where g(t) = dg(1 m(t)(t)) represents the decrease of the duration of dIdue to the application of contact
tracing measures, at time t; and dgis the maximum number of days that dIcan be decreased.
We remark that, for some territories, it can be suitable to consider constant (i.e. not dependent on time) all the
transition rates, which corresponds to the case with dg= 0.
-Ratio p: We describe it by using the following function depending on the value of θω(we remark that other
alternatives are also possible):
p=
p0(θ0ω0)
θω, if θωθ0ω0,
11p0
θ0ω0
(θω), if θωθ0ω0.
Here p0=p(tθ0)and ω0=ω(tθ0), where tθ0and θ0are described below (when we show how to estimate θ(t)). Indeed,
we assume that, if θω > θ0ω0all new detected infected people, when comparing to the case of θ0and ω0, will
go to state Q, as they should present light symptoms. Furthermore, we use a linear interpolation between the case
θω= 0 (with p= 1, i.e., only persons with severe symptoms are detected) and θω=θ0ω0(with p=p0). More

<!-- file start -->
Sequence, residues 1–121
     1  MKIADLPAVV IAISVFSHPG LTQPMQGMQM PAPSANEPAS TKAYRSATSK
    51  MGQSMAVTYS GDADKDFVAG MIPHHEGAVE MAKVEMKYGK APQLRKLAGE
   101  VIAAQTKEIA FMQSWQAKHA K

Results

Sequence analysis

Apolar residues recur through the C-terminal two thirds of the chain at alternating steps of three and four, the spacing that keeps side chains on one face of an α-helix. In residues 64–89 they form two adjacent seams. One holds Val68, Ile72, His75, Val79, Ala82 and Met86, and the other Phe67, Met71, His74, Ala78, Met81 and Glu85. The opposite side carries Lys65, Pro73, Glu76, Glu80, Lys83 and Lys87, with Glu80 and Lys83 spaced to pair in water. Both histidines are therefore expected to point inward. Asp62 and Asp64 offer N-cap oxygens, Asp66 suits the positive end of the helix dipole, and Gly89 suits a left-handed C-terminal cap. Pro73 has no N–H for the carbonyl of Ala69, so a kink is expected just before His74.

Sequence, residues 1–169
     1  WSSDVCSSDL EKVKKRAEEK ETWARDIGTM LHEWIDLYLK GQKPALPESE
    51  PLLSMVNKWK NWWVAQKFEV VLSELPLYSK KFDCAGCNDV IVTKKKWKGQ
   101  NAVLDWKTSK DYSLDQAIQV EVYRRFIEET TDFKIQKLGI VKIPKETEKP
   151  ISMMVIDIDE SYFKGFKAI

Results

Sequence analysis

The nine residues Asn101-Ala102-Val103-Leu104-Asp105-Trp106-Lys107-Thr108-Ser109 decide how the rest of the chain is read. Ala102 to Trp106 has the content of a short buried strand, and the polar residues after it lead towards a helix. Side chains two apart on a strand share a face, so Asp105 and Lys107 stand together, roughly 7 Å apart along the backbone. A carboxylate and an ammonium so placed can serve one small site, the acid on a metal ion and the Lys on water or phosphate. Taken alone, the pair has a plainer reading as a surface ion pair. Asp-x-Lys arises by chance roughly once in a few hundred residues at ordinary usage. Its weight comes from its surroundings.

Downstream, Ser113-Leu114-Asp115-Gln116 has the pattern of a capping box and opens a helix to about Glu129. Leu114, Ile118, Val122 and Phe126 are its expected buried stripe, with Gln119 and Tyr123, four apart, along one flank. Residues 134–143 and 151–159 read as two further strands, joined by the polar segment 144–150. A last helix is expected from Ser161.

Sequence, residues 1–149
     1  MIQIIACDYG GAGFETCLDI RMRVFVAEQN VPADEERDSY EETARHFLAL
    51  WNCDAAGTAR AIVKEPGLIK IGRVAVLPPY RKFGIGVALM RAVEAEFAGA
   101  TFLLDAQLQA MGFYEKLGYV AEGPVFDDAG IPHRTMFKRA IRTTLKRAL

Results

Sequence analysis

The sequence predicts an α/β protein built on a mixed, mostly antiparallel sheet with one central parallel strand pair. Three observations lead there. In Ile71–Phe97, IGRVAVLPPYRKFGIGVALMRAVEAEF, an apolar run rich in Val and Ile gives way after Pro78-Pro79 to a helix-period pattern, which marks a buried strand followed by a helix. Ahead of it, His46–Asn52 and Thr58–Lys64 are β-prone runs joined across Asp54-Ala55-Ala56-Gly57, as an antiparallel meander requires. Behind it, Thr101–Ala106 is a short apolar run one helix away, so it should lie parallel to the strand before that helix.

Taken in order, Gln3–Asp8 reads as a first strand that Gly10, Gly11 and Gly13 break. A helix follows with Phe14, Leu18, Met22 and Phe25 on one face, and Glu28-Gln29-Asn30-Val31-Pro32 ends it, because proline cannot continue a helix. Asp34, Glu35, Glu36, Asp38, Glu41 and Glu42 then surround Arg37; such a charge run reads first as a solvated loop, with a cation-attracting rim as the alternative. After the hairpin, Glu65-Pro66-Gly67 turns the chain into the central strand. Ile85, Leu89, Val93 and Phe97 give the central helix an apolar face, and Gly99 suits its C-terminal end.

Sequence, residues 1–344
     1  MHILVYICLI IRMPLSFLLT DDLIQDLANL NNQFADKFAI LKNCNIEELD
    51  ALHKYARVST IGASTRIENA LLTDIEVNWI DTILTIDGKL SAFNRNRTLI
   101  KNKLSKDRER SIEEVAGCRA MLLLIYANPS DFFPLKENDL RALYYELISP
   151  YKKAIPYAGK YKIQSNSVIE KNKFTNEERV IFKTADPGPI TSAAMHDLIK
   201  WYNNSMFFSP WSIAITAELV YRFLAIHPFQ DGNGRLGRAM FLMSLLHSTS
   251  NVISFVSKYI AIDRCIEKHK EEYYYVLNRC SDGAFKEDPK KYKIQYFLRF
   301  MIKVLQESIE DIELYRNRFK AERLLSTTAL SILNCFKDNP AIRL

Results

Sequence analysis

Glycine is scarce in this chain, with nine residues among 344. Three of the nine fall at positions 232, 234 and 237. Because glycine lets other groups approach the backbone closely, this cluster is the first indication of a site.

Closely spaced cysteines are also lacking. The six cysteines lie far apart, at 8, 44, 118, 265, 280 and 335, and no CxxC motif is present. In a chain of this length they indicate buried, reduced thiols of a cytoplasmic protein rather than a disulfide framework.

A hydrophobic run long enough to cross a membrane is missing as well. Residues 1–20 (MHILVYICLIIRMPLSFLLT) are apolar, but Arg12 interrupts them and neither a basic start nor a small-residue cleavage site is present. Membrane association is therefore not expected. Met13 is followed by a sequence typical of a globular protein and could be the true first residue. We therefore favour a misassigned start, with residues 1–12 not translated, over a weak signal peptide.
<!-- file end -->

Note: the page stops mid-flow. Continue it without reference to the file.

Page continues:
complex formulas could be also considered, but we use the previous one, for the sake of simplicity.
We remark that one of the functions involved in the model, namely θ(t), has not been parameterized above. We will
show below how to deal with it.
14
3.2 Estimation of parameters and non-parameterized functions involved in the model
Once the model is built, if we want to use it for a particular country or territory, we need to identify suitable model
parameters and functions for the case under study. Some of them can be found in the literature. However, due to lack
of information regarding the behavior of the SARS-CoV-2 and implicit uncertainty, others need to be estimated.
To do that, we need as much information as possible about the dynamics of the pandemic in the studied territory.
In particular, we may use the following temporal series of the territory under study, if available:
cr(t): The reported cumulative number of COVID-19 infected, cases at time t.
dr(t): The reported cumulative number of COVID-19 deaths, at time t.
hr(t): The reported cumulative number of COVID-19 infected healthcare workers, at time t.